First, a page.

In Maharashtra, near Pune, is the town of Jejuri. Here, atop a hill, is a citadel-like turmeric-covered temple dedicated to the much-revered folk deity locally known as Khandoba. This is a collaborative ecosystem of the people, by the people, for the people, where gods exist to unite not divide.
Khandoba is probably a deified form of an ancient warrior-hero (vira) who rode a magnificent horse, battled local threats, protected local people and property and brought diverse people together. In modern times, he tends to be considered to be a form of Shiva-Bhairava on earth, in an attempt to make him meaningful to the larger Hindu community. Many refer to this as a local (desi parampara) manifestation of mainstream Hindu traditions (margi parampara). But the gaze should be bottom-up, not top-down.
Khandoba’s narrative is incomplete without including his wives. He is married to many women and they belong to different communities. For example, Mhalsa belongs to the trader community. Some say she is from the Lingayat community, which is a non-Brahmanical Shiva-worshipping community that emerged in Karnataka around the 11th century. Banai is related to the shepherd community. His third wife is from the tailor community. The fourth wife is from the gardener community. The fifth wife is from the oil presser community. There is also one wife who is linked to the Muslim community, who played a prominent role in this region during the 14th century Bahamani and later the 16th century Bijapur Sultanates.
Each wife has a separate shrine. There are ritual celebrations when Khandoba comes to visit each wife to celebrate her glory. And there are festivals when she gathers with other wives to celebrate his glory. Ritual marriage thus was a tool to bring different people together. The clan goddesses of multiple communities become part of a larger network. Thus collaborative relationships have been traditionally established. The tailor and the trader shared a divine son-in-law. The shepherd was told that he is as important as the farmer, as both their daughters were loved by Khandoba. Everyone becomes part of an extended family.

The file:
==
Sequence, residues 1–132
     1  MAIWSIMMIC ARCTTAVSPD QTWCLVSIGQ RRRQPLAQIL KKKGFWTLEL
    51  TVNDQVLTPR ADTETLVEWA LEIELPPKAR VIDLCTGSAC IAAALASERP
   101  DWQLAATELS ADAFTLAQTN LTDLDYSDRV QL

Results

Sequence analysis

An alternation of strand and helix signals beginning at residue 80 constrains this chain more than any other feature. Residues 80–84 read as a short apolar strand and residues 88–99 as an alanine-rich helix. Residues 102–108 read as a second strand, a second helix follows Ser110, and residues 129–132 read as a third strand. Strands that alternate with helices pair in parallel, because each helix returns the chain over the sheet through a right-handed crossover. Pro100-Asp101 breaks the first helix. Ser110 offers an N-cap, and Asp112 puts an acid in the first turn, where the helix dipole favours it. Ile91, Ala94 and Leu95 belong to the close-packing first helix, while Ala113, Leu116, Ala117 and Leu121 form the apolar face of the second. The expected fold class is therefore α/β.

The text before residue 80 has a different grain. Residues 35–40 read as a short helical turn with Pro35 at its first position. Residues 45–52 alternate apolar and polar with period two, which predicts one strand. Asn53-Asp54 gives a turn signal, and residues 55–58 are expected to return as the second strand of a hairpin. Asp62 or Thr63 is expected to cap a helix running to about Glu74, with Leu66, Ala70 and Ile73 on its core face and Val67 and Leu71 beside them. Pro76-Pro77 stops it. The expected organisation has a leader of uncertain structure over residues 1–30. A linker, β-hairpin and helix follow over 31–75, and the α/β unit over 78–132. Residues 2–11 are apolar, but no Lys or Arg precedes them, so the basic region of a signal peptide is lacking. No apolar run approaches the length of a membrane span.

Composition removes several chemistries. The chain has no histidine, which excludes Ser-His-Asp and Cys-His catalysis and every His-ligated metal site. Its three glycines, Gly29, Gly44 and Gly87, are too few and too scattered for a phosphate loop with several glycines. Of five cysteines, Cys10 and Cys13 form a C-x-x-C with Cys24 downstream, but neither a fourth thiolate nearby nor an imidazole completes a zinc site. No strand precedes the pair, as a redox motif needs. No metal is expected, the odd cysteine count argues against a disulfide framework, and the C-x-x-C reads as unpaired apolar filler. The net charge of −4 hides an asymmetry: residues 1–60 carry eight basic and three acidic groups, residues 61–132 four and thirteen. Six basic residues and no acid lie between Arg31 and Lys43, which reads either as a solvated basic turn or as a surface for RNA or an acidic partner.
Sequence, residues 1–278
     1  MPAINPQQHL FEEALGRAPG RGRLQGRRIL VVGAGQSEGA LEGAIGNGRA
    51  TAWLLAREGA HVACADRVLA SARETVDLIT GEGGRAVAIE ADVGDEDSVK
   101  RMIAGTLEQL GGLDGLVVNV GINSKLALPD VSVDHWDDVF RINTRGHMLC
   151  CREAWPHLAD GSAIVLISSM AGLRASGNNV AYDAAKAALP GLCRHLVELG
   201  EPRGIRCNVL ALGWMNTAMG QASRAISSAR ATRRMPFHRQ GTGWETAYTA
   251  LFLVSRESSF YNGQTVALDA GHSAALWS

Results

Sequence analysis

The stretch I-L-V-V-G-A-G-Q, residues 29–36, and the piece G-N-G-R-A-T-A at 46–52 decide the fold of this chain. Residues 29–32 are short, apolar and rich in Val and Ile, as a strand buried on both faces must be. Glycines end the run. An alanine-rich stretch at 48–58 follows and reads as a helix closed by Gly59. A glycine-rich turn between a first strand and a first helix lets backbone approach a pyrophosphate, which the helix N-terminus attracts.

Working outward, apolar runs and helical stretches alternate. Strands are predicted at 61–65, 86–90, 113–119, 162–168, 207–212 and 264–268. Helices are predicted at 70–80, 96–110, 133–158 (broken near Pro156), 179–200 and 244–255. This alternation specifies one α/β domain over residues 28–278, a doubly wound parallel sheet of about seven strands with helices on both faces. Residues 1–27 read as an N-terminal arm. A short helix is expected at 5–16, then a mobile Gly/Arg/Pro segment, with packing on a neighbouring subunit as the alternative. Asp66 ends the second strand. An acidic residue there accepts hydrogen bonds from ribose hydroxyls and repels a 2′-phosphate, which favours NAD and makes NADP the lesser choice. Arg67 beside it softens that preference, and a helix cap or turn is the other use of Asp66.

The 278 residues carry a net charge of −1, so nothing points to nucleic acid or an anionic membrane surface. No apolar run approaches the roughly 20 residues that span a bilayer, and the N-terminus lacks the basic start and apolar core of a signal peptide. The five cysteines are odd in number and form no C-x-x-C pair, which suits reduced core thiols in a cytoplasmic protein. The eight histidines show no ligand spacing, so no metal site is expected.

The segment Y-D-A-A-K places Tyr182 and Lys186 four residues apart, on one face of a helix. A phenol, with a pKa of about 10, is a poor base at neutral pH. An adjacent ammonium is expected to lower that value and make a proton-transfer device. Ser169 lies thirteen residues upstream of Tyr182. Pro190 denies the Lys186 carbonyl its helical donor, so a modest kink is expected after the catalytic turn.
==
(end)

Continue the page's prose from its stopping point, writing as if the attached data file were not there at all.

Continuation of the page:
In folk songs, we hear about how wives fight with each other, and the god has to bring peace between them by managing the tensions. This is clearly a metaphor for the tension that exists between different communities. For example, the shepherds are shown as wild, while the oil-pressers love routine work, the flower-sellers bring colour into their lives, while the trader is rich and pompous. But a good thriving society needs all of them.
Khandoba is vegetarian but his shepherd wife who loves the forests, enjoys meat. So she is offered what she likes. He does not convert her to his ways. He respects her ways. He maintains his own ways. Thus is mutual respect taught to the larger community. Even his enemies are not rejected, but included. Which is why his name (Malhar) includes the name of his enemy (Mala).
These marriages ensure a wider sphere of influence. This is not acquisition and merger; this is partnership. The king is not simply the dowry or tribute collecting son-in-law. He is the one who is able to minimise conflict in the region, through skilful negotiation, and careful distribution of resources as well as respect. Each one’s autonomy is respected. No identity is subsumed, or appropriated.
When we visit these rural communities, we are confronted with the reality of caste (jati) in India. Hundreds of communities: some nomadic, some pastoral, some agricultural, some into trading, some into mining, some into crafts, some foragers, some herders, some offering entertainment services. Each community has its own internal ceremonies. Then there are ceremonies of neighbours it participates in. In gatherings (jatra), everyone gatherers and displays their pomp, and celebrates other people’s capability and capacity. There is careful protocol maintained so there is no competitive one up-manship.
The ritual activities of the temple, its ceremonies are divided into small functions. One community is responsible for providing food, someone provides music, someone supplies flowers, the other provides turmeric, one provides services in the form of cleaning the temple, cooking food in the temple, and carrying the palanquin. These are called honours (maan) distributed across groups that constitute the wider people. Thus, everybody participates in the construction of the temple, and its many celebrations. So the impact of the mythological narrative can be seen in social practices. Everyone feels proud to be a significant part of a collective. No one is exploited. No one is dominant. Everyone has a moment in the sun.
This is not the religion of modern times, that secretly yearns to convert people into their fold. This does not demand a singular constitution that everyone has to align with. Where diversity is seen as difference and eventually minimised. Here diversity is celebrated and brought together as in a jigsaw puzzle. One can see Khandoba’s culture as a tent. Khandoba is the pole, the community is the cloth, but without the goddesses, the wives, who serve as pegs, the tent cannot be established. This is how polytheism worked, respecting all deities, and creating a network of mutual respect and enablement, unlike monotheism – favoured by modern management – that indulges only one god, one doctrine, one economic ideology, and gravitates towards monopoly.